Radio Tomorrow with James Cridland
It’s 40 years since Trevor Horn wrote the Buggles’ ”Video Killed The Radio Star”.
Video didn’t, of course. 9 out of 10 people listen to the radio every week, in countries as diverse as Malaysia, the US, France or Australia. Radio’s reach hasn’t changed in the last twenty years (though there are certainly many changes in consumption patterns).
Video Killed The Radio Star is, seemingly, the phrase that a lazy editor will reach for in order to write a story – any story – about radio. And as regular readers may know, I keep an eye out for them.
Just over the past few months…
● A radio presenter played a round of golf. This, in itself, was news for The Kansas City Star, since a radio presenter is a star enough for them to write about. So what better lazy Buggles headline than “Second hole in one didn’t kill the radio star” ?
● The Star in Malaysia writes a long piece about video assistant referees, used in soccer games. “Video killed the radio star; it looks like it’s coming for football next,” concludes the journalist. Hmm. Scroll down a bit, and you’ll notice the logos for Suria FM and 988, two, er, ah, radio stations run by Star Media, who may be a little confused why a sports journalist has just talked them down. (Also – dude – you write for a newspaper. A NEWSPAPER.)
● Campaign, a magazine aimed at advertising professionals, carries a piece about the power of radio advertising, “Radio excels in providing reach amongst mass audience”, the piece says. The lazy Buggles headline that the sub-editor lazily bashed out before going for a liquid lunch? “Has digital killed the radio star?”.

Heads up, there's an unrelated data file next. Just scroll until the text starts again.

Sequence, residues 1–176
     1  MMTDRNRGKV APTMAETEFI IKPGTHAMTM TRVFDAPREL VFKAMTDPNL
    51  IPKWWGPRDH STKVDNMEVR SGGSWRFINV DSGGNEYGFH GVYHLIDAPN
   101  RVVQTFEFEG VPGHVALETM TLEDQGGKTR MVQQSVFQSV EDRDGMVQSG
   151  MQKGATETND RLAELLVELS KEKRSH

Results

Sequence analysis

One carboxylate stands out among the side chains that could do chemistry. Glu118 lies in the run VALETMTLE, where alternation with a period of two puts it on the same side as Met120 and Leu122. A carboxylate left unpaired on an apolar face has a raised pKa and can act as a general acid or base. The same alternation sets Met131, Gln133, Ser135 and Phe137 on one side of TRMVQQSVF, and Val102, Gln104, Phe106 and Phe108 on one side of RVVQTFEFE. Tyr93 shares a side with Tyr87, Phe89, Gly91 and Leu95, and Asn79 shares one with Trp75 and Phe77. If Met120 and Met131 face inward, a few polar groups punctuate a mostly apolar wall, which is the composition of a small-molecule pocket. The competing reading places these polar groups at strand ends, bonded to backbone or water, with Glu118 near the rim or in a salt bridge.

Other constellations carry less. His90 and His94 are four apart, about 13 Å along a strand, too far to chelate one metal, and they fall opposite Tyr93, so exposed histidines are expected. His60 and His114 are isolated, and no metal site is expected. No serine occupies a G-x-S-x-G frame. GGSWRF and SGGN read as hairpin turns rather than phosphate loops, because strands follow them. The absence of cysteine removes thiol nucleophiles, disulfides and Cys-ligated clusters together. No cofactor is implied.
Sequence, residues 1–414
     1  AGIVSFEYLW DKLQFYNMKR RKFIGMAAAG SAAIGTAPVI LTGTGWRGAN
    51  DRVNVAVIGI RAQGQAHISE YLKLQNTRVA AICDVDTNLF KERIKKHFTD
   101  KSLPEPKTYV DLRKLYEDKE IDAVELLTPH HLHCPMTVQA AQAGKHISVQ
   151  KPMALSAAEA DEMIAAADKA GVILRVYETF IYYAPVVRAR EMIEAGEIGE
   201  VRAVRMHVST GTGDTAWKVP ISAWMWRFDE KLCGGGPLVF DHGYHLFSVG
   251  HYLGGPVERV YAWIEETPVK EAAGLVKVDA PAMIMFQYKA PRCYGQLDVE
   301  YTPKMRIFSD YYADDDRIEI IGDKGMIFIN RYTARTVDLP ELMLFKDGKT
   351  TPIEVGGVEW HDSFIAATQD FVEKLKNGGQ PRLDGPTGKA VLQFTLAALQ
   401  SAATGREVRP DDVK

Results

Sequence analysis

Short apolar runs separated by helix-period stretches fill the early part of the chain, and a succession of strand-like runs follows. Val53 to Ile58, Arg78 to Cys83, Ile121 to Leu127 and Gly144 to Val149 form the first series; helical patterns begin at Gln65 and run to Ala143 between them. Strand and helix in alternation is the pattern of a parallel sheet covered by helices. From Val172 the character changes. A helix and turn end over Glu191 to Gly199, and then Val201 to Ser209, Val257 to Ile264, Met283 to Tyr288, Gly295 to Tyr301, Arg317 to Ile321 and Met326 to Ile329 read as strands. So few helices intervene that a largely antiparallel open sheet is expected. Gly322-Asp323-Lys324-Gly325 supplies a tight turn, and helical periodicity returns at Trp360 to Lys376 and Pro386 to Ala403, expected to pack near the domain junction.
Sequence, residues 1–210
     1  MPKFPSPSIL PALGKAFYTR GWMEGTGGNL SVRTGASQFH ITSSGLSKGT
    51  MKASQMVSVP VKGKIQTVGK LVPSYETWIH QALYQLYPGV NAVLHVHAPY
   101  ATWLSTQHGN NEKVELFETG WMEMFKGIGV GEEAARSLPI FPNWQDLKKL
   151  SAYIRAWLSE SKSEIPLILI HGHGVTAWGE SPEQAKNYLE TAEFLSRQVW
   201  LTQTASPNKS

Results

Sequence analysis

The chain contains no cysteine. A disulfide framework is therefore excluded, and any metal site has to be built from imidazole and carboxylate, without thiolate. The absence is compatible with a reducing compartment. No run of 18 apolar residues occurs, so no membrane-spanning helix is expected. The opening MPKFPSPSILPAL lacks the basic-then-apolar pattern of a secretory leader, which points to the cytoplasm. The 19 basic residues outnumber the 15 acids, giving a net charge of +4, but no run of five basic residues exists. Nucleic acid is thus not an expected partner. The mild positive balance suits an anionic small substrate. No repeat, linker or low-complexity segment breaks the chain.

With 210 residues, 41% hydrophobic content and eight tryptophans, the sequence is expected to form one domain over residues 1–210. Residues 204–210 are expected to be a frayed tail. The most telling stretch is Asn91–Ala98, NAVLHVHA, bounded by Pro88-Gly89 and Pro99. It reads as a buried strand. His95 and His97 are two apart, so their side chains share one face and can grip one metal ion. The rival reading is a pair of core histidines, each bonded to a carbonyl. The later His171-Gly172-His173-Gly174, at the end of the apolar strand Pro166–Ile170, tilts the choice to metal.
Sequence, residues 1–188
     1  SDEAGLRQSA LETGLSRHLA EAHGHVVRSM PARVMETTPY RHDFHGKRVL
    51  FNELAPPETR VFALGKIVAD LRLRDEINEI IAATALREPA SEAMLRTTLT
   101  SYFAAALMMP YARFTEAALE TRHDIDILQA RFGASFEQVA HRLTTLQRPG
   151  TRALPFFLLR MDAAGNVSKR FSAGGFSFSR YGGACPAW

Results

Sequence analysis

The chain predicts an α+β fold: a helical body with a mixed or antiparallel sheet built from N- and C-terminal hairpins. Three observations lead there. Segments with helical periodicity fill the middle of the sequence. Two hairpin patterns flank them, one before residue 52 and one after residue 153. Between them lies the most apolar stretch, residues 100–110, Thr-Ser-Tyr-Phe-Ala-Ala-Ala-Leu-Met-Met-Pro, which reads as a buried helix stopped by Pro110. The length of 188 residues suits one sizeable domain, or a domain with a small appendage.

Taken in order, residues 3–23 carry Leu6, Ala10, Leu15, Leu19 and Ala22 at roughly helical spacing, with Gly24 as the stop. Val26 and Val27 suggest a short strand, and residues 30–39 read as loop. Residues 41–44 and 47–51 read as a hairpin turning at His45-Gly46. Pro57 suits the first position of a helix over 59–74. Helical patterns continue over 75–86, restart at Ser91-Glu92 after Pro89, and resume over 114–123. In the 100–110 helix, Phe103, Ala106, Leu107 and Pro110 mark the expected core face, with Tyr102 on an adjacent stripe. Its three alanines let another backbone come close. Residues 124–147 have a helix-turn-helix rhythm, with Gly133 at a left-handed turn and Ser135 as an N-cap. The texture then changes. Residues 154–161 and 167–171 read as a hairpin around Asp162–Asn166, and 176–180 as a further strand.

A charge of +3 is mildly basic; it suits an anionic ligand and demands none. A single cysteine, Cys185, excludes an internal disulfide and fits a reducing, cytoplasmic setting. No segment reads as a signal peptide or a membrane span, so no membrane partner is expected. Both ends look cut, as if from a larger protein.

● Oh, and TV insider – a US publication covering the rapidly declining world of television – manages to shoehorn a lazy Buggles introduction in front of a story about some dismal, hardly-watched assembly of vapid flickering pictures for the hard-of-thinking.
I don’t know what’s more depressing: the frequent repetition of a lie that radio is somehow “dead”, or the odd behaviour from radio people to just sit on their hands and not demand a retraction from these publications. Why aren’t we doing this? Isn’t it, literally, our job?
But let’s leave the last word to the writer of the song, Trevor Horn: “Video did not kill the radio star. Maybe he had him down for a couple of minutes but he came back up again swinging and he’s still healthy.
About The Author
James Cridland, the radio futurologist, is a conference speaker, writer and consultant. He runs the media information website media.info and helps organise the yearly Next Radio conference. He also publishes podnews.net, a daily briefing on podcasting and on-demand, and writes a weekly international radio trends newsletter, at james.crid.land.